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The Total War franchise spans ten years, and eight games. The series has covers time periods and settings ranging from Ancient Greece up to the Napoleonic Era. The next one, Shogun Total War 2 takes the series back to its roots with a Feudalistic Japanese setting. It comes out in two weeks, and there’s a demo available right now to give you a look at what the series is all about.
After a little hands on with the demo, I’m impressed with this title; I had dismissed it as yet another a RTS game that’s not Starcraft II. It does have many of the RTS standards, you’ll gain resources that include food and money, build and upgrade structures in a sort of tech tree (If you can call building a better rice paddy “Tech”). However, instead of all of this occurring in Real Time, you use a turn-based system where you plan out all of the things you like to do over a “Season” then let it all happen at once. This doesn’t make much difference in the single-player game, but it will be quite important when going multiplayer.
The game also has a very deep civilization-building system
that might remind players of the Civ series. Aside from building armies, you also have other matters on
your hands as a Clan Leader; you deal with finance, diplomacy, trade routes and
art. You have to keep your
underlings happy by not raising taxes too high, yet still providing everything
an empire needs to grow. Then
there’s the matter of your clan, you keep track of your family and loyal
generals in a system that follows court etiquette of 16th century
Japan. When done as a multiplayer
game, this sort of political gameplay will be especially important as players
can form teams, with one player in the role Clan Leader who deals out rewards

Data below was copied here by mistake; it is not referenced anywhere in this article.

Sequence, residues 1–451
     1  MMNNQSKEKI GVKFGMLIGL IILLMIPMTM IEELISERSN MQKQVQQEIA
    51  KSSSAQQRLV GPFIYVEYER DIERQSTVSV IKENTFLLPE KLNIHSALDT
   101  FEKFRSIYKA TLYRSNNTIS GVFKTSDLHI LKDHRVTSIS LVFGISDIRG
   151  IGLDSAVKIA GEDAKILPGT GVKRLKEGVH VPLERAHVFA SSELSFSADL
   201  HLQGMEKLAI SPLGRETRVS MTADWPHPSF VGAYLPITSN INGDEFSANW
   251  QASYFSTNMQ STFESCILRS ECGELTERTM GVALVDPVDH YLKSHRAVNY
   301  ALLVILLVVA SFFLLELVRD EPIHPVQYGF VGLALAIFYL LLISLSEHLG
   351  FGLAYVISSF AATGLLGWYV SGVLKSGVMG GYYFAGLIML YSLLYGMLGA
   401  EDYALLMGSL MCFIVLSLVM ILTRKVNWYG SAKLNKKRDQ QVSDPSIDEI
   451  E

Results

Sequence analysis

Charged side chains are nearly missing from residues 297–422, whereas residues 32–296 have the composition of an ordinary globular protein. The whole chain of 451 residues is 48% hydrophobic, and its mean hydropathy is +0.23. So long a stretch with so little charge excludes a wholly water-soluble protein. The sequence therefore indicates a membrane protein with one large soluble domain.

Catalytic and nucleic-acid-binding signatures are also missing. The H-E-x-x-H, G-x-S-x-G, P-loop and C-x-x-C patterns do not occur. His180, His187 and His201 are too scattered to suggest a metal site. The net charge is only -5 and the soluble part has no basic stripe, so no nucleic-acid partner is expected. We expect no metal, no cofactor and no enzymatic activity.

to those other players who earn his favor.
When it does come time to send your army off to battle and conquer other clans, the game gives you the option of letting it automatically decide the outcome of the battle based on various stats. Or, if you’d rather take the hands-on approach, you can switch to a real-time view of battlefield and direct groups of troops around the field yourself. The game uses very large numbers of soldiers (In the tens of thousands, allegedly), and you can scroll up or down to zoom out for a look at the entire battle, or zoom in to watch individual troops fighting against each other. The graphics are quite good and it’s impressive to be able to watch a single soldier scaling a castle wall, then zoom back in a second to see the entire castle with a battle raging all around.
The combat employs a Rock Paper Scissors mentality as certain units are vulnerable to one kind of enemy, but strong against others. Experienced RTS gamers know the drill there. What’s unusual are the siege sequences which require players to capture castles and fortresses through a precise set of tactics like scaling walls, capturing towers and gatehouses, etc. There is also naval combat to add in some extra distinction between Shogun and other battlefield strategy games.
The design is full of Japanese details. Much of the art in the menus and overworld map looks like it was drawn with a Japanese brush, and the interface often looks like it was drawn on parchment. The various units also speak in Japanese when you issue orders, the mission goals and recommended tactics have an emphasis on Sun Tzu’s teaching (Which are quoted often in the hints and tutorial), and among your units are monks to convert enemies. All of these bits of Eastern accent make Shogun Total War 2 a treat for anyone interested in Japanese history and culture.
The gameplay is quite complex, perhaps daunting for those not already in to strategy and empire-building games, but it should definitely be on the radar of hardcore fans of these genres. Shogun Total War 2 will be available on March 15th. A limited edition is available with a unique ninja clan, extra missions, in-game armor, and bonus XP. Some retailers are offering pre-order bonus as well.